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The Delightful Audacity of the Verdi Square Festival in New York City

The Verdi Square Festival concluded on September 29th in New York City with a stellar operatic performance.

Why do I say Verdi Square Festival is audacious? Well just imagine that its three performances this year were held open air not in some bucolic rural setting but smack dab in the bustling upper west side of New York City in Verdi Square. It is a bit strange to hear some classic opera with the subway rumbling below your feet and the occasional police or fire siren wailing away. This is performance in the raw. The ability to sing or play and focus on that despite the hustle and bustle of New York City whirling around you requires special talent.

The Verdi Square Festival was created in 2006 by a group of Upper West Side music lovers who saw in Verdi Square (at Broadway and 72nd Street), dominated by the statute of Italy’s great composer Giuseppe Verdi, an ideal venue in which to present free concerts by aspiring young musicians and new musical groups. The New York City’s Parks Department is a Festival partner, providing set-up, manpower, concert seating and stage platforms for the Festival’s three September Sunday afternoon concerts.

The Festival always concludes with an opera concert usually lasting an hour. Nothing complicated but permeated with crowd favourites. But aside from opera there has been jazz, bluegrass, Klezmer and jug band music. The Festival has an especially close relationship with the Manhattan School of Music whose artists have performed in every Festival since inception. The Manhattan School of Music is one of the world’s pre-eminent conservatories serving over 1,250 students in its college and precollege divisions.

The Verdi Square Festival was created and is managed by a group of Upper West Side volunteer music lovers. Overall responsibility for the Verdi Square Festival rests with the Verdi Square Festival Corp. run by its board of directors, its president being George Litton. The Corporation is a non profit corporation and tax deductible contributions can be made online at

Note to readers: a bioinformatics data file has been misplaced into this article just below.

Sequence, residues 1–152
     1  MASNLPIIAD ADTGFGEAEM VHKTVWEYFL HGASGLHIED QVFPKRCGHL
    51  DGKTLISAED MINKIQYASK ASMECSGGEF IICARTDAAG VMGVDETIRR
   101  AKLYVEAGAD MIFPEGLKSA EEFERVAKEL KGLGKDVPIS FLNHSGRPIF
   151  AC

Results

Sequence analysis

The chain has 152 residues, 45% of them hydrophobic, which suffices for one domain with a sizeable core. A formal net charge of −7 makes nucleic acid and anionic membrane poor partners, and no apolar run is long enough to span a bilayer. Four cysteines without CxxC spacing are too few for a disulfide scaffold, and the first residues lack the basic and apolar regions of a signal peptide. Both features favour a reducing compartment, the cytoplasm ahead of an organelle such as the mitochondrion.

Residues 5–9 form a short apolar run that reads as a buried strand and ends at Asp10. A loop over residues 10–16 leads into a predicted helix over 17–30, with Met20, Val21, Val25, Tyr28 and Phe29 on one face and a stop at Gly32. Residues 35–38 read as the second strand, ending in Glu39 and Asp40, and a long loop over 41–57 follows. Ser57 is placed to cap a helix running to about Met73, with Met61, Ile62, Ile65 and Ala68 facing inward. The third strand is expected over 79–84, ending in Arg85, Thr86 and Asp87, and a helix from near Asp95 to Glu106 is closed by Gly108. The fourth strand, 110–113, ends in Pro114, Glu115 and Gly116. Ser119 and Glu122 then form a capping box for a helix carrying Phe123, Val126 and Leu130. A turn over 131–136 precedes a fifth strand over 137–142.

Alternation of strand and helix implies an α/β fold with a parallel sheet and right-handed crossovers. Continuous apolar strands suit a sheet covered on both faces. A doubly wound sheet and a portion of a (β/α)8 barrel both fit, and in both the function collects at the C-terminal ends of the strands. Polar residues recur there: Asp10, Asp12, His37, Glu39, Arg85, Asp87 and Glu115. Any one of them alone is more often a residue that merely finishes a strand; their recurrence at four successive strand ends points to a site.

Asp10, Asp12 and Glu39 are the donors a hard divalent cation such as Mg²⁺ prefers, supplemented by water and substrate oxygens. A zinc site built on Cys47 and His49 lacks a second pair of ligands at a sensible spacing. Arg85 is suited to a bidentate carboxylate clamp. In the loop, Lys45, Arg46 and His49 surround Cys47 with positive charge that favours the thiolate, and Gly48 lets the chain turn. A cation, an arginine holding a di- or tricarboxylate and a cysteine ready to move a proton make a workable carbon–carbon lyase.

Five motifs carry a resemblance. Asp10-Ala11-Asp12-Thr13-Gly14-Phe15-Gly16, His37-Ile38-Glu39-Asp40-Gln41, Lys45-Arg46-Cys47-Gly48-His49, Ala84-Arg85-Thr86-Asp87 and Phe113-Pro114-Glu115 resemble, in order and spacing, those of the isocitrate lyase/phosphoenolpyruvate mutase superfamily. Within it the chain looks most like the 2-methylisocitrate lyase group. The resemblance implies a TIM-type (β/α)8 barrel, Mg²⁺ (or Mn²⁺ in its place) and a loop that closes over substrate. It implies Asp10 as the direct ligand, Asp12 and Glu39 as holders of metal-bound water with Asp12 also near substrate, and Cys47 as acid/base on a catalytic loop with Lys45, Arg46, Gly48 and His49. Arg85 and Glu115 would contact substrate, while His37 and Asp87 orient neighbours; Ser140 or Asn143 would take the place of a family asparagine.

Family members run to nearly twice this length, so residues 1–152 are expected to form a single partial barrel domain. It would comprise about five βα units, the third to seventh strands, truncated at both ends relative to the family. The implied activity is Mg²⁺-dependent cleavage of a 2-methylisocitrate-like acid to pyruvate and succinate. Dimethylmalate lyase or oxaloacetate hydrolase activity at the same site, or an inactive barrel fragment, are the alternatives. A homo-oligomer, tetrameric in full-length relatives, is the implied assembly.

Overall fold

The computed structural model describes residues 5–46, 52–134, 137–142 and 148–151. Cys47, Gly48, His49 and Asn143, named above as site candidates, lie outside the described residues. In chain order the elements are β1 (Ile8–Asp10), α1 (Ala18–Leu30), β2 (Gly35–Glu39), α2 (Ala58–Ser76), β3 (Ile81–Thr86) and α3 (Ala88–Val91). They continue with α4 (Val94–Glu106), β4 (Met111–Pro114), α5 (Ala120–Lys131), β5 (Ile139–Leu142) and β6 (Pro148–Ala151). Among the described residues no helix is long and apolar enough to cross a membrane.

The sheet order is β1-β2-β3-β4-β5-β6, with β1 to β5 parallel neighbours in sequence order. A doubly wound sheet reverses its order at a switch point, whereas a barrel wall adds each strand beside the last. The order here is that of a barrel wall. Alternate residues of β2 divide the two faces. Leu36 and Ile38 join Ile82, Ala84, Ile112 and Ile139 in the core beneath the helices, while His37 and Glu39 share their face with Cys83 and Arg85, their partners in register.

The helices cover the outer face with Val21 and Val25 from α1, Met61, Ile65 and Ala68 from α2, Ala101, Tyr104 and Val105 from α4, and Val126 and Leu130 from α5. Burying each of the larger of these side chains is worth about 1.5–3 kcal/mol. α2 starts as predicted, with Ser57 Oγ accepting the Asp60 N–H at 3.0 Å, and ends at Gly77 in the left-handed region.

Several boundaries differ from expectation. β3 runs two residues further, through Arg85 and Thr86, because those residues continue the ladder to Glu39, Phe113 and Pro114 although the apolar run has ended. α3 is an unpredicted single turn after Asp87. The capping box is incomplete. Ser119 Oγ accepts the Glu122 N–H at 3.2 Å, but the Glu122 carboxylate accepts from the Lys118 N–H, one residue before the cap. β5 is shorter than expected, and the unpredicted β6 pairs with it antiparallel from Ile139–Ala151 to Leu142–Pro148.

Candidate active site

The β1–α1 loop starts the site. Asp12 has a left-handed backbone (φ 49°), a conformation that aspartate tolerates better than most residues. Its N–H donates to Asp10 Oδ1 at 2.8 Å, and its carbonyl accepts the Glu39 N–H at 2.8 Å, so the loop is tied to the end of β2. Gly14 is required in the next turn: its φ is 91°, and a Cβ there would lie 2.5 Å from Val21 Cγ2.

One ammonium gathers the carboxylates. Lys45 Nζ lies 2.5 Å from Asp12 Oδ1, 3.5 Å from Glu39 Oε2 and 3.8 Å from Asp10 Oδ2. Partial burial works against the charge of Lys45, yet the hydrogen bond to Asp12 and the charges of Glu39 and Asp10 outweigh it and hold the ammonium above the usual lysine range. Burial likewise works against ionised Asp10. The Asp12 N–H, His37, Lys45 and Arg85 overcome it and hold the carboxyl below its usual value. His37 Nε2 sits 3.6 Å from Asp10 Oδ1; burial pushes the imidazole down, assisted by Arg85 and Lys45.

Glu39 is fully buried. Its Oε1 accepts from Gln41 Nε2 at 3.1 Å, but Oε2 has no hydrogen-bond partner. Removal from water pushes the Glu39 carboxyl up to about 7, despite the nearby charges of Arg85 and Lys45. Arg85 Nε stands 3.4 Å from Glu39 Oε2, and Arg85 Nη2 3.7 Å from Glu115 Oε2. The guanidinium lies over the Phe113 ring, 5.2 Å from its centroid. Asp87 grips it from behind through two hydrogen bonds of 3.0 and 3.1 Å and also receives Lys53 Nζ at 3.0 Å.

I must mention of course the final concert which took place on September 29th a beautiful fall day. Who even noticed the noise of Manhattan? The voices of Baritone Seungchan Hong, Soprano Nicole Rowe, Mezzo—soprano Gabriella Chea and Tenor Samuel White delivered such a knockout performance their intensity simply transformed the Square into a perfect operatic venue. I think the last number “Rigoletto” by the man himself Giuseppe Verdi highlighted the distinct talent of all the performers and as they say “brought the house down”.

Gabriella Chea and Samuel White performing “Rigoletto”: Photo Robert K. Stephen
Seungchan Hong and Nicole Rowe performing “Rigoletto”: Photo Robert K. Stephen

Gabriela Chea delivered a wickedly sublime version “When You’re Good to Mama” from “Chicago”. She more than deserved the applause and cheers received.

Samuel White totally delivered on Puccini’s “Tosca”, with a tremendous voice showing great range.

Delibes’s “Lakmé” was sung in an angelic and moving fashion by by Chea and Rowe.

From Verdi’s “Falstaff” Hong delivered an emotional and very artistic rendition.

I usually get fidgety at a full operatic performance but in this case an hour was a teaser. Yes I’ll be returning next year.

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